nike + iPod gadget
I started out as a skeptic, but I’ve become a big fan of my nike+iPod gadget set. My wife got me the gift box set for Christmas which has an iPod Nano, the Nike+ sensor that goes in or on your shoes, and a receiver that plugs into the bottom of the iPod (just like the docking or power cord). The product has been out for a while, but has gone through some improvements, particularly on the nike+ web site.
The best characteristics of the product are the motivation, the real-time feedback and the record keeping (see below for one caveat on the record keeping).
Motivation is provided either from the real-time feedback, through milestones noted at the end of a workout (it is quite cool to be congratulated by Tiger Woods or Lance Armstrong…or at least their voices), or through a customized workout program that can be purchased and downloaded through iTunes. I downloaded the Lance Armstrong intervals workout called Run Longer, and, though it kicked my butt the first time (hey, I’m over 40, past two knee ‘scopes and need as much motivation as I can) the concept works great. I love it when Lance tells me that “pain is only temporary”.
The real-time feedback comes at the push of a button, the middle button on your iPod. You are told (in a lovely female voice, or male if you want) distance, speed and time. Some runners prefer their GPS watch gadgets, which can give you the same data at a glance; to each his own.
The record keeping is done on the iPod, on iTunes and on the Nike+ web site. Your iPod shows runs you have uploaded into iTunes, your last workout, and your personal bests. iTunes is just a way station/sync point; it only shows your last workout and your totals. The Nike+ website is where you can slice and dice your runs, see how fast you did each mile or klick (or the speed when you pressed the magic button), set goals or workout schedules, and participate with others. I’d rather it be on my desktop (see below). I have seen some internet comments about accuracy of the system, but I have had no issues in that regard.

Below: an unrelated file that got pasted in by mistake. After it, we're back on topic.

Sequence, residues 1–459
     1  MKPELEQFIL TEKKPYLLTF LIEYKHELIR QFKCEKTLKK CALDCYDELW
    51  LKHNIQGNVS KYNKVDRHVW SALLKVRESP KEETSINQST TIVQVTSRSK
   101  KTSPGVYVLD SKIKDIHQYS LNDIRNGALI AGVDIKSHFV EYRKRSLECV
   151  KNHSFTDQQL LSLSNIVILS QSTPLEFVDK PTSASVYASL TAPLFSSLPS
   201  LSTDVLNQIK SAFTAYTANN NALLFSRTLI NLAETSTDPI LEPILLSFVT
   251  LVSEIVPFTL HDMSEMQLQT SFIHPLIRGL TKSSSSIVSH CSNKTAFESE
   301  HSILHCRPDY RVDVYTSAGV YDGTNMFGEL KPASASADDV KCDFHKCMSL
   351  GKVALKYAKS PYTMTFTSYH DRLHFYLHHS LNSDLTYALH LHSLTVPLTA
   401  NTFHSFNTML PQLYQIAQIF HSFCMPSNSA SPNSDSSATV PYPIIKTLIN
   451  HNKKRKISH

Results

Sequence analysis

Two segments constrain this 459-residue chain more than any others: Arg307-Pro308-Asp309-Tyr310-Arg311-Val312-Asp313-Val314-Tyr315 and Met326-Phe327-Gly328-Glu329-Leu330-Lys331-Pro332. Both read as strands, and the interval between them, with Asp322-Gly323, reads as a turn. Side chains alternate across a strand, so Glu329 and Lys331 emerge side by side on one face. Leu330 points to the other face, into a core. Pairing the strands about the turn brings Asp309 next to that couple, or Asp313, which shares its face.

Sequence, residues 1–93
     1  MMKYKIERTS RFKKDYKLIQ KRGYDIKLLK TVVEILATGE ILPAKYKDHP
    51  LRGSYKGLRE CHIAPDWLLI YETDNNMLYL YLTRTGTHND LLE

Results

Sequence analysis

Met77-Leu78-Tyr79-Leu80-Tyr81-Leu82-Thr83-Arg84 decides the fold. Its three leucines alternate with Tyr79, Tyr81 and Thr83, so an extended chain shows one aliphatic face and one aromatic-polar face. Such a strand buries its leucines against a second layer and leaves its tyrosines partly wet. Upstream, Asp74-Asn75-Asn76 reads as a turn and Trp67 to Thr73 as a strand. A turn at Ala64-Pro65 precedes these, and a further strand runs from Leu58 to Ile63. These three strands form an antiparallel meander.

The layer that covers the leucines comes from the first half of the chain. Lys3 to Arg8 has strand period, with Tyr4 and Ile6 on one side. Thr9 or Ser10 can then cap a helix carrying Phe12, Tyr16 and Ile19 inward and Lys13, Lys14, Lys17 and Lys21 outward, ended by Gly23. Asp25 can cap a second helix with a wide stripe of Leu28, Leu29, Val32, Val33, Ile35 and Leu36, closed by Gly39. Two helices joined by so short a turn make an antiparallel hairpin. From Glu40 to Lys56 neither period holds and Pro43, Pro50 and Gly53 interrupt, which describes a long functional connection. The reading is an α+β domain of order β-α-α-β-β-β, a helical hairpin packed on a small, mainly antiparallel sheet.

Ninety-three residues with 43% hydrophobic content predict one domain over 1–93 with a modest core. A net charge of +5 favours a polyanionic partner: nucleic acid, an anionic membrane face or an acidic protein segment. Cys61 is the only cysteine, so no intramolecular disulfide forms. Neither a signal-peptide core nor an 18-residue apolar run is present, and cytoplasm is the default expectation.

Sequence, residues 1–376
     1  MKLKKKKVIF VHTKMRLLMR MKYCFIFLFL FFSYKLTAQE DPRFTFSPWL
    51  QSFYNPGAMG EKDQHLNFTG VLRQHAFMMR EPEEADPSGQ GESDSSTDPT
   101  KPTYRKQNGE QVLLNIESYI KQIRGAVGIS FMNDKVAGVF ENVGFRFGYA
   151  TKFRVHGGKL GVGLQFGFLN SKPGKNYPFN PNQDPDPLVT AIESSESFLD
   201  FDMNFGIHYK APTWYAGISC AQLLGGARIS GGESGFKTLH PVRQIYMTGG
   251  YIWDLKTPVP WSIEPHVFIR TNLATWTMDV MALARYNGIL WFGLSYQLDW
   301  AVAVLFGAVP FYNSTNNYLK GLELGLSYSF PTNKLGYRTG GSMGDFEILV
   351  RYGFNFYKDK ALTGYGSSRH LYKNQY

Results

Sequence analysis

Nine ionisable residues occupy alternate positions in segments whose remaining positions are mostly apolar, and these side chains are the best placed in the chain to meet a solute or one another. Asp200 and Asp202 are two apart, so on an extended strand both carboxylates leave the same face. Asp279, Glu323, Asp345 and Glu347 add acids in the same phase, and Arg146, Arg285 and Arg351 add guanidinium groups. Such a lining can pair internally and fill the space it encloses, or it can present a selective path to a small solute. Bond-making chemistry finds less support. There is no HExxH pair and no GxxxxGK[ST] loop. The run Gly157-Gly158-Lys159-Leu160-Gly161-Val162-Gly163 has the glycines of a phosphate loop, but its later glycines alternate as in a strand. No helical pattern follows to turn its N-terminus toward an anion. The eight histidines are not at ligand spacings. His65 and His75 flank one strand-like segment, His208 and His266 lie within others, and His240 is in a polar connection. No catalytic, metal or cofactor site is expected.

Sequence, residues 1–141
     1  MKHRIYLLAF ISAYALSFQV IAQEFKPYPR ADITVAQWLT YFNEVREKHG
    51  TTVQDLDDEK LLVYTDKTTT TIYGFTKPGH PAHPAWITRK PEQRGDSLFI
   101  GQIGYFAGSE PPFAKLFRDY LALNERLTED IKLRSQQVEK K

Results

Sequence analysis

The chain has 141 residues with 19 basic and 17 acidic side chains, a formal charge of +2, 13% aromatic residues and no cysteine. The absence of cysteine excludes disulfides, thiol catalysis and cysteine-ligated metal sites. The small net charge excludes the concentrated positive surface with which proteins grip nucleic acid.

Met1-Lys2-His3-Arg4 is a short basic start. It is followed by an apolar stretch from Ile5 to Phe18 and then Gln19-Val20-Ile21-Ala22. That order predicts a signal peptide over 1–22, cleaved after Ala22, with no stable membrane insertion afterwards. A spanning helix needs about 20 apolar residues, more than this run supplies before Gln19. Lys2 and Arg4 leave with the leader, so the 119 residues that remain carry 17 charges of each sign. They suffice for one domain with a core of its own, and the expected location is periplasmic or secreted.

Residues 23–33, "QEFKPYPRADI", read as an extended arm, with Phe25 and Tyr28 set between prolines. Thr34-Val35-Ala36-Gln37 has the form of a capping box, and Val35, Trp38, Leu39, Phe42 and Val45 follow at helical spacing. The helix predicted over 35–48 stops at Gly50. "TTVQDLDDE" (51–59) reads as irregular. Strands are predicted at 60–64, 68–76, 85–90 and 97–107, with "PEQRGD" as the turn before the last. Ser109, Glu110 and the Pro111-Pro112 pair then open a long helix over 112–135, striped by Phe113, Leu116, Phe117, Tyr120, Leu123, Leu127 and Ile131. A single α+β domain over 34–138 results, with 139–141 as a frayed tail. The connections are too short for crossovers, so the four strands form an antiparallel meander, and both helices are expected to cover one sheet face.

There are some limitations. Thus far, the solution only works with the iPod Nano (though there are some rumors that support is coming to the iPhone soon). My original (okay 2nd) iPod was a 20GB U2 edition, so I had to pare down to just my workout playlists on the Nano…but it truly was not that painful.
Also, I did have some concerns about having to use Nike shoes, as I have been running in Asics for many years. Two good things: one, there is a product called the Marware Sportsuit Sensor plus that lets you put the Nike+ sensor in a pouch and attach it with your shoe strings to any shoe; second, I found a pair of Nike running shoes that I liked, Air Max 180’s, which have similar characteristics to my Asics.
Lastly, the record keeping is through iTunes and in the Nikeplus web site. I would rather have a desktop application as opposed to uploading data that I have no need to share with anyone to a website. The tools to slice-and-dice your performance have improved on the website, but I would still rather have them locally.